If we’ve learned anything about Ned Yost the last several years, it’s that he enjoys automation.

He doesn’t care for the match-ups. He likes defined roles. A sixth-inning left-hander? If he could, he would.

And so it goes for the lineup. Yost rolled through the end of September and the entire postseason with a single lineup. Just in case you don’t remember:

Escobar – SS
Aoki – RF
Cain – CF
Hosmer – 1B
Butler – DH
Gordon – LF
Perez – C
Infante – 2B
Moustakas – 3B

How could you forget? Based on what happened after Yost decided this was his batting order, that lineup should be legendary.

Seasons change, though, and players move on. Gone from the starting nine from last summer are Nori Aoki and Billy Butler. And their leaving the team has created two rather large holes in the lineup. Of course, they have been replaced by Alex Rios and Kendrys Morales. The issue for Yost is, neither one of his new bats profiles as a number two hitter. This means he will have to do some shuffling and will have to figure out a new optimum lineup.

Alcides Escobar is back at the top of the order. Despite September and October, this is less than ideal. The shortstop has 3,198 plate appearances in his career and has posted a .299 on base percentage. Naturally, the Royals will tell you he performed really well at the leadoff spot. And that is the truth. In the final 15 games, Escobar hit .375/.412/.484. Neat, except he walked three times in 68 plate appearances. That’s a 4.4 percent walk rate. That’s actually right in line with his career walk rate of 4.2 percent. It turns out Escobar’s final two weeks of the regular season was powered by a .411 BABIP.

In the postseason, Escobar continued to Escobar. Meaning, he swung the bat and made a bunch of contact. In 70 plate appearances in October, Escobar walked once. He finished with a .310 on base percentage. The Royals won a bunch of games.

With spring training rolling along, the Royals are primed to give the leadoff spot back to Escobar full-time. If you’re OK with this, that means you’re buying two weeks of games and overlooking a career that spans parts of seven seasons. That essentially means you’re on the side of the Royals. If you think this is a less than optimal idea, that means you are dismissing his torrid close to the season as a simple hot streak. It means you hope the Royals decide on Plan B before Plan A condemns the team to a place in the middle of the American League pack.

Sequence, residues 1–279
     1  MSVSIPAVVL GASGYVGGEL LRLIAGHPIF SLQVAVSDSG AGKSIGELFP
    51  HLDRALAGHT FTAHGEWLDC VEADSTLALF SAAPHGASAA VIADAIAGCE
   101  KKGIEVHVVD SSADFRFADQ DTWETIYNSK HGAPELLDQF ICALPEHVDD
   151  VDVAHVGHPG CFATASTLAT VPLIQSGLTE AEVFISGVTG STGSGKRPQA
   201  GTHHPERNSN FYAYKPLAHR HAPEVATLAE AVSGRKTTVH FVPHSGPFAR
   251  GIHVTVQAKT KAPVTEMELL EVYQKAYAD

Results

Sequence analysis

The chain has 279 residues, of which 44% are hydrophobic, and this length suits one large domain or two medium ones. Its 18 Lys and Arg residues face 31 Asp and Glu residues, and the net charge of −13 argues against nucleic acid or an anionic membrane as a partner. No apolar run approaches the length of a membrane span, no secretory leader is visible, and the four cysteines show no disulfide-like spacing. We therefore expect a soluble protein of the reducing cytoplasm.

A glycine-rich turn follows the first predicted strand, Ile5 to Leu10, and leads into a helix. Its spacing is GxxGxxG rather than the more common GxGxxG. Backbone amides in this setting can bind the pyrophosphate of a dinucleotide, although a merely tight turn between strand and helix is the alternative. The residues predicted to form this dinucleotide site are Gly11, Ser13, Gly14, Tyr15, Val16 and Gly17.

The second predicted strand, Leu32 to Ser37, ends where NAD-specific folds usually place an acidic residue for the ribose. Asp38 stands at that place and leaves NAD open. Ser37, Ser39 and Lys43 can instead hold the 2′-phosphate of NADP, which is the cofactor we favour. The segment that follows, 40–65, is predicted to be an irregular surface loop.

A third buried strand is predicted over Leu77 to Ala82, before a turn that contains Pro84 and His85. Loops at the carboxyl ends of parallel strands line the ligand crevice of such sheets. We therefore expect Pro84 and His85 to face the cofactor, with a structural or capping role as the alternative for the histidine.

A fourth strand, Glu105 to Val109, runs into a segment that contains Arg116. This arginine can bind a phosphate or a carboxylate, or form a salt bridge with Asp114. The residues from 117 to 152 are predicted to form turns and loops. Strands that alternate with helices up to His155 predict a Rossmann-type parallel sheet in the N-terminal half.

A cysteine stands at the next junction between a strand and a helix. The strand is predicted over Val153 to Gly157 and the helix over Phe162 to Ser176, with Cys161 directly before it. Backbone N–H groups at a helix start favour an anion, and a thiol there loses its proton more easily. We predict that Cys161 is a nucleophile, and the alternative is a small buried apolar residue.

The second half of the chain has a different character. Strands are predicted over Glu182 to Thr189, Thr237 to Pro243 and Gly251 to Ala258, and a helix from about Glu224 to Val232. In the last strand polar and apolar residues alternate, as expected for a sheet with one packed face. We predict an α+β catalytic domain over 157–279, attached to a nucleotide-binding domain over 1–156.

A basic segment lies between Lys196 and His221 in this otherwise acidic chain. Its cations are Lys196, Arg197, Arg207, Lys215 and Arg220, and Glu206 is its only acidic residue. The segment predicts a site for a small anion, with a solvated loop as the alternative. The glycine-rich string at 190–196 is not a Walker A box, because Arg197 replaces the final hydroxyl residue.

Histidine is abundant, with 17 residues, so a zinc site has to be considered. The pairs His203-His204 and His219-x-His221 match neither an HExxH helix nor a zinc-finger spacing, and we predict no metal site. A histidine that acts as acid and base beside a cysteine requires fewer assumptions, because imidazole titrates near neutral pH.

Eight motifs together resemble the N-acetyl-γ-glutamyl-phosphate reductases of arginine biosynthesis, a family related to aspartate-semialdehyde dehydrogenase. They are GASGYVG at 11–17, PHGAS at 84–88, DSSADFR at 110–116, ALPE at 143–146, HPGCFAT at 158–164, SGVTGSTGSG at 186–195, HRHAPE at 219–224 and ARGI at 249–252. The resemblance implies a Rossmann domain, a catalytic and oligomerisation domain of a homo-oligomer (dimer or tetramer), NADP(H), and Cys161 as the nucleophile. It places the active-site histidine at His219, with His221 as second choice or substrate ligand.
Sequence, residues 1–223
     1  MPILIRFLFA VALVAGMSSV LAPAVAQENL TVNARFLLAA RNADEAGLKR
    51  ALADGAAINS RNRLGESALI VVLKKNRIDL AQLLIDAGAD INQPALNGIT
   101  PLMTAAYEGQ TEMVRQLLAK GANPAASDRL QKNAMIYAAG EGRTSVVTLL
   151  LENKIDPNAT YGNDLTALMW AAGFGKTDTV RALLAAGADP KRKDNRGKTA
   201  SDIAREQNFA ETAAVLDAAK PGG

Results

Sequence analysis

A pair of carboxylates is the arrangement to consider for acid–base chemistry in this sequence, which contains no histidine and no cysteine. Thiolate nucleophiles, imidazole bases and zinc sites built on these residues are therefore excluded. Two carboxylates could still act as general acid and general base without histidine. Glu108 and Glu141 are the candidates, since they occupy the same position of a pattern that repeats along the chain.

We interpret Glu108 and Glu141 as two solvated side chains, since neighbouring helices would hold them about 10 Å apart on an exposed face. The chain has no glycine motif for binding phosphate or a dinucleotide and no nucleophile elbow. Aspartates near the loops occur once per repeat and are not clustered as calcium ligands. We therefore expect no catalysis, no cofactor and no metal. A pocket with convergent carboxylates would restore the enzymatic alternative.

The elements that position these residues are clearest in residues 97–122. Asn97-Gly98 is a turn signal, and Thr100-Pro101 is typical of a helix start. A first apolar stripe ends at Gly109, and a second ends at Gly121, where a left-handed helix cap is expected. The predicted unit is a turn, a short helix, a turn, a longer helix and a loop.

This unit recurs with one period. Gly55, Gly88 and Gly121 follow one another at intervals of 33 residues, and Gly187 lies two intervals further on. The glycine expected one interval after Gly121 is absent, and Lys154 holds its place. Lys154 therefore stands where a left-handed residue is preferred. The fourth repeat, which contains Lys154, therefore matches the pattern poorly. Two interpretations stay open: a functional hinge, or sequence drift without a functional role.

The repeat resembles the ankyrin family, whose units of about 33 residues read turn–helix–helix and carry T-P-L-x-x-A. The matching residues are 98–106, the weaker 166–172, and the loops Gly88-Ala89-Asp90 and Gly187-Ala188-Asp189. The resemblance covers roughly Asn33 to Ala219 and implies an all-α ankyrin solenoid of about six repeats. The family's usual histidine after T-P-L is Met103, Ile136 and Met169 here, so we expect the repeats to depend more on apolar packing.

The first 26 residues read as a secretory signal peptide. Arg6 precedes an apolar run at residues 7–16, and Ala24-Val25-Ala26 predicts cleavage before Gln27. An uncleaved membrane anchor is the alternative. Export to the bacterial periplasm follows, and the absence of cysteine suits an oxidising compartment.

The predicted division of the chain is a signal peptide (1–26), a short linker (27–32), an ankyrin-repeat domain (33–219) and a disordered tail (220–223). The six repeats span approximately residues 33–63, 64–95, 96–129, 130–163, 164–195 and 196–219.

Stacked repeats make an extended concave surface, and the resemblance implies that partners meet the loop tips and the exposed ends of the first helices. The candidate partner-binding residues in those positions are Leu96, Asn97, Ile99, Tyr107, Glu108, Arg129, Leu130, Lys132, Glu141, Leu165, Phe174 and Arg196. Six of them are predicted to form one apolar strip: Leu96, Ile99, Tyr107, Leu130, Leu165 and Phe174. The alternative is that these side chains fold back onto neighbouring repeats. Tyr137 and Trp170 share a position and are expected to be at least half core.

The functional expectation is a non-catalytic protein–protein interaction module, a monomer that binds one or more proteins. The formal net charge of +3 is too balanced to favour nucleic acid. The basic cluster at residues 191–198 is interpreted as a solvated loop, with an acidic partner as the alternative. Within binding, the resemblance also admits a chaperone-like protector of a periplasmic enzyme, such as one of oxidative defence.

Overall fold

I think you can guess where I fall.

If you disagree with me, “Who would you hit leadoff?” is the question you’re asking. Totally fair. Why not Alex Gordon back at leadoff? He’s done it before and he’s done well in that role. According to Baseball Reference, his tOPS+ at the top of the order is 111. (That’s the measure of a player’s OPS+ relative to his own career. In other words, he’s performed better hitting leadoff than, say, hitting fourth, where his tOPS+ is 68.)

I don’t know why the Royals are fighting this so much. Gordon doesn’t fit the leadoff profile, but he’s accumulated more plate appearances batting first than any other spot in the order. That’s a credit to Yost for thinking outside the box. But damn, if he doesn’t want to jump right back in that box. Escobar may look like a leadoff hitter, but he makes far too many outs. It’s not always about the walks when you hit leadoff (although a 12 percent walk rate seems to be the cutoff for successful leadoff hitters) it’s about getting on base. And Escobar’s OBP is powered entirely by the base hit, meaning his success as a hitter is tied to his batting average on balls in play. That’s a dangerous cocktail. The Royals, for all their throwback offensive appeal, still lack a leadoff hitter in the vein of that 1980’s burner. The Willie Wilson type who did everything he could to get on base and then run with abandon. Jarrod Dyson is a burner for sure, but he lacks the offensive acumen. Besides, he’s a fourth outfielder. He’s not in this conversation.

The Royals see Escobar as a steady, durable and dependable player. I agree with that assessment. However, that doesn’t translate to a successful leadoff hitter. They see Gordon as a “run producer.” That’s a throwback term for RBI guy. Which is a horrible way to look at hitters in the lineup.

For this team to get the most out of their offense, they need someone more adept at avoiding outs at the top of the order. That means hitting Gordon leadoff.